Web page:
UK clothing retailer Next (NXT.L) is upbeat and raised its profit outlook for the second time in two months, despite posting £311m ($396m) in lost profit.
The group showed in its results statement for the half-year ending July 2020 how lost sales have flowed through to reduce profit—and why it had to take steps in cutting wages, suspending marketing programmes, slashing cost of stock, and making savings on occupancy costs to mitigate those losses.
“Without remedial action, the £702m of lost sales would have reduced profit by nearly the same amount; this is because we had already bought the stock to achieve those sales” said Next.
However, the group made it clear that it sees a full-year 2020-21 pretax profit of £300m, up from its previous forecast of £195m in July, due to strong recent trading (full-price sales in the last seven weeks were up 4% on last year) and its position online.
The announcement boosted the company’s share price, up 1.1% in early trading in London on Thursday.
“Next was fortunate that its online sales accounted for more than half of its turnover going into the pandemic, so we had the scale online to make up for some of the business we lost, and continue to lose, from our stores,” the group said in a statement.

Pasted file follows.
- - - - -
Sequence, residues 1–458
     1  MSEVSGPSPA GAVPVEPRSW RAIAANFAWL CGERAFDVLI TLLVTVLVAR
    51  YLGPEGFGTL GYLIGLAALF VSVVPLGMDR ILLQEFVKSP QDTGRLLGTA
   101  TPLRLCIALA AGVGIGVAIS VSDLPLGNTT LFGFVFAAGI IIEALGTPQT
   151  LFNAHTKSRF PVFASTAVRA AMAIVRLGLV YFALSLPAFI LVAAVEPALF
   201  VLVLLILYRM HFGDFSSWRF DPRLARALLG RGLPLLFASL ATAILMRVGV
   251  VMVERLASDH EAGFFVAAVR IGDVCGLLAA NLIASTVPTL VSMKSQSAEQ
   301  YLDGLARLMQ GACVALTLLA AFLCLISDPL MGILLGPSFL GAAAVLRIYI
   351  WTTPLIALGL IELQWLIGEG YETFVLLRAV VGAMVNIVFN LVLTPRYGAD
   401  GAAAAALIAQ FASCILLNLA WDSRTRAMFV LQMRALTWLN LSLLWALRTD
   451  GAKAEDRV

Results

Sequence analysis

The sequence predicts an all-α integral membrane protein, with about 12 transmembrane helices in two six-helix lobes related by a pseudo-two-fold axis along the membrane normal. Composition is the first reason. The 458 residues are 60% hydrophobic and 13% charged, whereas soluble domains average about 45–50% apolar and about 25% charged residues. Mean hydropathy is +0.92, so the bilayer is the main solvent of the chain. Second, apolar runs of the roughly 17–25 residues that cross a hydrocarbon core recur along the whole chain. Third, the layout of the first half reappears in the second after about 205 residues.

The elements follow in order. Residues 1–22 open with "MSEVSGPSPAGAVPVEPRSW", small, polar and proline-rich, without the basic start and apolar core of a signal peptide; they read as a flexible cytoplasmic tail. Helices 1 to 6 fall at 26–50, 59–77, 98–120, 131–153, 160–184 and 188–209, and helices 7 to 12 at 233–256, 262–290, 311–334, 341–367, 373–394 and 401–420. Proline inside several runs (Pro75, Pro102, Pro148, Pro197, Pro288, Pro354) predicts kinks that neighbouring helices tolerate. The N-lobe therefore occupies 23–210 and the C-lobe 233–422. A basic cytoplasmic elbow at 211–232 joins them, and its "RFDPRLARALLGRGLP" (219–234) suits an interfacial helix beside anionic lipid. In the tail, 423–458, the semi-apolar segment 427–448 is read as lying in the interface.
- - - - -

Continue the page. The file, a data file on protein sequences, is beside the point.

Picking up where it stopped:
“Interestingly, sales online have been significantly stronger since our stores reopened than they were before the pandemic struck. It appears that some lockdown habits have stuck, and we have been able to take advantage of this shift to online.
“It was a stroke of good fortune that the product areas that did well, also had much lower rates of return. So every item dispatched was less likely to come back and more likely to convert into a sale. This meant that limited picking and packing capacity was used to best effect.”
However this amount is still sharply down from the £729m made in 2019-20.
“The pandemic has been expensive and miserable. But some good has come from the upheaval,” said the group in its statement.
“It is remarkable what can be learnt from shutting down your entire operation and slowly, department by department, store by store, warehouse by warehouse, bringing it back to life.
“All the more challenging and informative with much of the endeavour managed by hundreds of our colleagues sitting in their spare bedrooms, kitchens and conservatories! We have learnt how we can work more effectively. Lessons which, if we are careful to preserve them, will stand us in good stead for years to come.”